I have been coming to Kingley Vale for well over 15 years now, and it never let me down. If you just want to pop out for a short stroll in your lunch-break or are intending to spend a whole day of walking, jogging or mountain-biking this is a good place to be!
The two main attractions are the impressive collection of ancient yew trees and the tumuli at the top of the hill; both are worth the visit - however, the way up the hill might be a bit strenuous for some people, so take your time and pace yourself if you haven't used your walking boots for some years...
Besides the trees and tumuli there is plenty of unspoilt nature with a very mixed vegetation. It's a paradise for anyone with an interest in plants, insects or birds, at any season of the year. At the same time it's a good place to introduce kids to the outside world, as there are all sorts of activities available. Keen photographers will get beautiful shots - especially of the yew trees - during a sunny winter day, when the sun stands low and everything throws impressive shadows.
Kingley Vale is nested at the foot of the south downs, and if you have a little more time (and energy) you can - and should! - venture beyond its boundaries and explore the vast network of footpaths and bridleways that extend for miles & miles. Even on a sunny, busy weekend you can get away from the noise of other people fairly quickly, and if you are adventurous and don't follow the herd you will find yourself (almost) alone in midst of thick woods or lush fields. On some days I have been walking all day around Kingley Vale without seeing a single person. However, civilisation is never far away: There are two lovely pubs in Stoughton and Walderton, both worth the climb down (and up) the hill!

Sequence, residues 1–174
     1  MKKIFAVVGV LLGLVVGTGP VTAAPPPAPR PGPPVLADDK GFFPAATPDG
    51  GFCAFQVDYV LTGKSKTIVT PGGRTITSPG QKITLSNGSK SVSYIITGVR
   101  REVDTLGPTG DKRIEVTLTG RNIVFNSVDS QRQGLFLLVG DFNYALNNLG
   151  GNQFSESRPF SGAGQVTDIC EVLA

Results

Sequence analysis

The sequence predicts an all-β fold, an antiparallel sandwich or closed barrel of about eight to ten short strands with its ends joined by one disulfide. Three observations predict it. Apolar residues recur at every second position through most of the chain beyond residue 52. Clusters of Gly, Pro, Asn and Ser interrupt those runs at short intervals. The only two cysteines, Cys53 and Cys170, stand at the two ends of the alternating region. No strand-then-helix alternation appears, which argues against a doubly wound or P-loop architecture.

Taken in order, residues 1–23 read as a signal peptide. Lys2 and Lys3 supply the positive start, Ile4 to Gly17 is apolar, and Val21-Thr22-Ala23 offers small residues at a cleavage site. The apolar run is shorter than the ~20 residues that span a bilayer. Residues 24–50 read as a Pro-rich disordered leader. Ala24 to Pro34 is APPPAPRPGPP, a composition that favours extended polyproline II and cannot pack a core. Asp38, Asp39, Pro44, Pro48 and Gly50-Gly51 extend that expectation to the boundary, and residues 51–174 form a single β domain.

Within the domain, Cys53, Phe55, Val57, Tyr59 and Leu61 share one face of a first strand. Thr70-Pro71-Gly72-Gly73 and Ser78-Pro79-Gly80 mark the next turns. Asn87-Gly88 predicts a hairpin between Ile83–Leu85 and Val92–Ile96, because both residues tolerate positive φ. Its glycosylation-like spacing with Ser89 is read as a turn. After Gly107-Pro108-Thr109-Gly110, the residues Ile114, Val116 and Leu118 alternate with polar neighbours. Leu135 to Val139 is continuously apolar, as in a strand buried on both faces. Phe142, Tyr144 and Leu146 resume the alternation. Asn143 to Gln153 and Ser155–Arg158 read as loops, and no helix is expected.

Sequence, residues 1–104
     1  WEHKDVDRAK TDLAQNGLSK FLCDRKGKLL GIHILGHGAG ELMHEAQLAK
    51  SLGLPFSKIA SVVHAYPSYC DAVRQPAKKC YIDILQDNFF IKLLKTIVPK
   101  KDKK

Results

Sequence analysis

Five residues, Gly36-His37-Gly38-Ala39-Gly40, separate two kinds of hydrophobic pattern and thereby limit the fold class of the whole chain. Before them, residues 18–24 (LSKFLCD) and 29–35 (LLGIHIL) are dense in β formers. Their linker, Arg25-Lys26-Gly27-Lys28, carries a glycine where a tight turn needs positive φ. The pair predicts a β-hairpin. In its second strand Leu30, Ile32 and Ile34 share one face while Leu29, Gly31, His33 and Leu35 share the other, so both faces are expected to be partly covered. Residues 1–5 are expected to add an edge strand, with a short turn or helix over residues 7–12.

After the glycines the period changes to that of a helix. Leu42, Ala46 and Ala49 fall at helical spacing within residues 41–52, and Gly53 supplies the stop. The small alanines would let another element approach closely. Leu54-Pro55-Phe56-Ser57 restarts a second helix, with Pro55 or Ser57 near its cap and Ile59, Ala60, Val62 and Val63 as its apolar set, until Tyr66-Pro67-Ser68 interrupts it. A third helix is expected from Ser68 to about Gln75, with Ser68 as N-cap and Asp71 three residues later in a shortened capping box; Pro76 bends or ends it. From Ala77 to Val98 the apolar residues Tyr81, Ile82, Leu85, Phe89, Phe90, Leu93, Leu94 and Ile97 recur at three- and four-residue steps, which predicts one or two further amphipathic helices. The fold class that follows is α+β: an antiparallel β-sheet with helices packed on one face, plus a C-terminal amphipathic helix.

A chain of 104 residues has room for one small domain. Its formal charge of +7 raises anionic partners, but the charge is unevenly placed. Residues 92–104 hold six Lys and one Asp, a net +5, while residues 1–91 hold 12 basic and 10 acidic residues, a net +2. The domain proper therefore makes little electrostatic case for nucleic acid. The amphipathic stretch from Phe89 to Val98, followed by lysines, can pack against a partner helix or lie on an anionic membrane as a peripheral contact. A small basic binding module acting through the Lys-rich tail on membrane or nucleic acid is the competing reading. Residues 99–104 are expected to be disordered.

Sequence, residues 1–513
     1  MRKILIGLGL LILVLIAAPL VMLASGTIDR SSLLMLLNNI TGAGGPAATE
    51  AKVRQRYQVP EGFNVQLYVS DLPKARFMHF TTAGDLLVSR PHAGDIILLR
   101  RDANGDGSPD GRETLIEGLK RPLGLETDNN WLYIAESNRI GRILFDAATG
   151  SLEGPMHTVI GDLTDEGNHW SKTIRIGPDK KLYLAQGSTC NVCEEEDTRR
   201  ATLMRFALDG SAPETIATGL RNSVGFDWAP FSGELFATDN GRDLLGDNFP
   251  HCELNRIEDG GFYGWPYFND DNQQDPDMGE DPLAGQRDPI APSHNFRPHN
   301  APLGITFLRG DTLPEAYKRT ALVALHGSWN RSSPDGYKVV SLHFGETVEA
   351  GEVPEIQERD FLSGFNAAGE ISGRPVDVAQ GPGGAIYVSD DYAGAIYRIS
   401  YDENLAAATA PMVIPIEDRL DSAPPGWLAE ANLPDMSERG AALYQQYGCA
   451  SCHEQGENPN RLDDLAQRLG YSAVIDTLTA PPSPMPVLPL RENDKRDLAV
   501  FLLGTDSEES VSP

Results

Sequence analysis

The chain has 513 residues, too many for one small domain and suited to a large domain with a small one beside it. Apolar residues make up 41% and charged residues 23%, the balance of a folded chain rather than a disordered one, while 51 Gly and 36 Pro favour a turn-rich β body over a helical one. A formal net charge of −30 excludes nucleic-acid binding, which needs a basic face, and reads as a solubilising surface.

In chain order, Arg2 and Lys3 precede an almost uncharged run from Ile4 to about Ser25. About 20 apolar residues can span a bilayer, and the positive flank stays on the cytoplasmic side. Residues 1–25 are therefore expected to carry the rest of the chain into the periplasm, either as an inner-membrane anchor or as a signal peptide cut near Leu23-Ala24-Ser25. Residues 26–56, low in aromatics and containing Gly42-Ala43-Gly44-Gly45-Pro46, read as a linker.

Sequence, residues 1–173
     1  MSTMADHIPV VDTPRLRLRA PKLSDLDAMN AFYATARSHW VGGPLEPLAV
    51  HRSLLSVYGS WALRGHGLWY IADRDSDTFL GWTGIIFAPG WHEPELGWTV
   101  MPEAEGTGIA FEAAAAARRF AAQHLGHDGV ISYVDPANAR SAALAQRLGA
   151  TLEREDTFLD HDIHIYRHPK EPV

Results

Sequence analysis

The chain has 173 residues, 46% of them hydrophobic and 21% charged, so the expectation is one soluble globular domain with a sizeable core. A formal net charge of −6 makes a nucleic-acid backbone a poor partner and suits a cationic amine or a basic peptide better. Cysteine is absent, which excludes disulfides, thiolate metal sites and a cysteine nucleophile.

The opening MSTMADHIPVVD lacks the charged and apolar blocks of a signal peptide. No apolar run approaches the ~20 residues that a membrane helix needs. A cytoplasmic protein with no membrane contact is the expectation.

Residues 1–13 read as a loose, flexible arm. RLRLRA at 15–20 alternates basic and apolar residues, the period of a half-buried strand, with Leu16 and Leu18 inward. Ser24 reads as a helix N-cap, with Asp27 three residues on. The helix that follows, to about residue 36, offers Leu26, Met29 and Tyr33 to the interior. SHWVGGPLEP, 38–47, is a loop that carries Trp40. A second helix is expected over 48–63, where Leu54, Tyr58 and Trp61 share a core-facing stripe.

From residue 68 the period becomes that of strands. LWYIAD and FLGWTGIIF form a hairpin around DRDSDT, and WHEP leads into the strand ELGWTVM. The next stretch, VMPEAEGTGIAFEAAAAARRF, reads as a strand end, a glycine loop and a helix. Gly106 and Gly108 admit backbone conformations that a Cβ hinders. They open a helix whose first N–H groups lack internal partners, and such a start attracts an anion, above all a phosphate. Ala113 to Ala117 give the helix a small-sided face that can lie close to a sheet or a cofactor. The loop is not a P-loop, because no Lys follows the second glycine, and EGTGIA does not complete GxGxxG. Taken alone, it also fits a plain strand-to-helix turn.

If you only have an hour or two to get a taster of Kingley Vale, I'd recommend to leave your car at West Stoke car park, walk up to the entrance to Kingley Vale, turn left and walk along the west side to the top of the hill. Admire the view, eat your picnic, stretch your legs... Walk down the hill on the east side until you are at the height of the pond (which might be waterless during the winter months), go there and take the nature trail through the amazing yew tree woods. This will take you back to the entrance of the Vale.
However, if you intend to spend a bit longer or a planning to come more often, I'd strongly recommend you get the OS Explorer Map (1:25000) of this region. After all the years I've been walking here I still haven't seen all of it. Kingley Vale itself might not be the most amazing thing you've ever experienced and it's size can be a bit too small on a bank holiday weekend, but it is a gem on a mid-week morning or as a starting point of a long and unspoiled walk along the south downs!
Parking can be a bit of a problem on a busy, sunny weekend: The West Stoke car park has only a limited capacity and parking on the road is not really an option. Alternatively, you can leave your car in Stoughton or at the car park in the woods, one mile east of Stoughton, and visit the Nature Reserve via "the other side". A word of warning, thou: I have heard reports of - very rare! - cases of theft at the West Stoke car park, so do the sensible thing and don't leave valuables on show in your car. But that's just common sense, or..?
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